Middle Out Economics

 

As of late, there has been a noticeable discourse regarding “fairness” in America. Whether it has been an argument on equal rights, trade, or healthcare, the underlying question in regards to these conversations seems to be whether or not they are indeed fair. The recent tax debate is no different, and there have been questions raised as to whether or not this proposed bill is equitable. As it stands now, the bill is being sold as a middle class tax cut, putting roughly $1,200 back in the pockets of most middle class Americans. However, those at the top do indeed stand to gain considerably more than this. As is often said in politics, the devil is in the details and today, we will be taking a look at those details. A look at this proposed bill shows that it adheres to “trickle down” economic policy. For a long time, I had a certain infatuation with trickle down economics, because it was something I had been taught was a good thing. Over time however, I began to look at data and saw that the numbers just do not back this theory up. It took a lot of reading and research for me to develop this opinion, and by no means am I saying it is right, all I am doing is explaining my logic to you. As opposed to a “trickle down” landscape in our economy, this piece will advocate for a tax plan that actually delivers the most benefit to the middle class. In turn, this piece will explain how that investment in the middle class will end in more prosperity for the large businesses  this bill is actually focused on. As such, this piece will take raw information that I’ve come across, and will interpret it. None of us will disagree on the data, facts are facts (at least I hope), but we may disagree on how to act on that data, and that is just fine. However, if you do disagree, I would urge you to present me with numbers and data rather than opinion backed by theory. 

 

  1. Savings Rate by Wealth Class

Screen Shot 2017-11-03 at 11.58.23 AM.png

Fact:

The graph above, courtesy of Economists Emmanuel Saez and Gabriel Zucman, shows the savings rate for each income class from 1913-2013. Looking at the latest data point, we can see the behaviors of those in different income classes. These results should come as no surprise, since those who already have a great deal of wealth will most likely decide to save much of their excess income. Conversely, it comes as no surprise that people with lower incomes are forced to spend a higher percentage of their budget.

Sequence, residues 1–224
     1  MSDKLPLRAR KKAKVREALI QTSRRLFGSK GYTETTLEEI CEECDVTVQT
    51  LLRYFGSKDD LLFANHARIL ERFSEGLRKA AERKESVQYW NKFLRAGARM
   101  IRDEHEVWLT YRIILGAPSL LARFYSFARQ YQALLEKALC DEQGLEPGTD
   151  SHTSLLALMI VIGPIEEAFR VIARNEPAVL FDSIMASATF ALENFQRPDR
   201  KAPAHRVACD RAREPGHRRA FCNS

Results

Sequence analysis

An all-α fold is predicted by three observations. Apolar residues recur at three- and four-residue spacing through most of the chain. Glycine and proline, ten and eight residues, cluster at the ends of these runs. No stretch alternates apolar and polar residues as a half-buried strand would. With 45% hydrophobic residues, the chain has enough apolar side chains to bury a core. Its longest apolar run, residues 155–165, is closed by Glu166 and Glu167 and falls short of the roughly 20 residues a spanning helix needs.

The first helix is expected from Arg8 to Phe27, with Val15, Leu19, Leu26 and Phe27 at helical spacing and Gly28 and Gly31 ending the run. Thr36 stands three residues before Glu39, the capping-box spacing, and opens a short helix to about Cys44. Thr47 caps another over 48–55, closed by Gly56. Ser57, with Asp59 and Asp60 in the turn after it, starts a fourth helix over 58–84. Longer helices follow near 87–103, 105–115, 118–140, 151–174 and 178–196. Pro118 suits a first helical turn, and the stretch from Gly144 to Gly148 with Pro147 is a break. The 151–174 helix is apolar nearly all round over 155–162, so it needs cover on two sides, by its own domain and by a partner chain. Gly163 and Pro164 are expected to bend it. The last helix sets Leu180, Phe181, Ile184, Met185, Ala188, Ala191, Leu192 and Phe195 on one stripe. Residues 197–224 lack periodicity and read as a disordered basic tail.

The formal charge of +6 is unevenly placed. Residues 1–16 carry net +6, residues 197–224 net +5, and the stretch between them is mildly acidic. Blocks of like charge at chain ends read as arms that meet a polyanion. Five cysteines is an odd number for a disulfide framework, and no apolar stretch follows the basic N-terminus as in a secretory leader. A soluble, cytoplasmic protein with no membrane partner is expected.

Interpretation:

If I were writing a tax reform bill, the first question I would ask myself is “What is the best way to grow the economy?”

I would reason that the best way to grow the economy is to make sure consumers have enough money to purchase the goods and services produced, would you agree? Next, I would ask myself “which segment of our population spends the highest percentage of their income?”

After asking myself this question, I would then refer to the above chart to see that those in the bottom 90% of income earnings spend about 95% of their yearly income, with that number increasing significantly the less they earn. My next step in this logical game would be to ask myself “So, if we give a significant tax break to those in the middle class, does the data we have imply that most of it would get reinvested back into the economy?”

Looking once more at the chart above, yes, it does. And the more you think about it, the more it makes sense.

Individuals in the top 1% of income earners will obviously save a significantly higher portion of their income, and this is because practically all of their needs have already been met. Their mortgage is under control or paid off, they already have enough money to go out and purchase anything they need, so any additional income to them won’t necessarily go towards purchasing goods and services. Rather, it would go towards acquiring assets like stocks and real estate. To be clear, there is absolutely nothing wrong with this. However, Wall Street has been on an eight year win streak, and the most feasible way to continue that trend is to ensure the general public has enough excess cash to purchase the goods that these publicly traded companies produce. The ability of these companies to sell their goods and services to the public is what gives their stock value, this is an important point to make.

You see, if you’re going to try and sell the middle class on a “trickle down” tax cut, and tell them they will be the biggest beneficiary, why not just cut their taxes directly? Many opponents to this will say that our corporate tax rate is too high, and that is what is hurting middle class Americans. This claim is simply untrue, and once again, sometimes you need to go below the surface to get the full truth.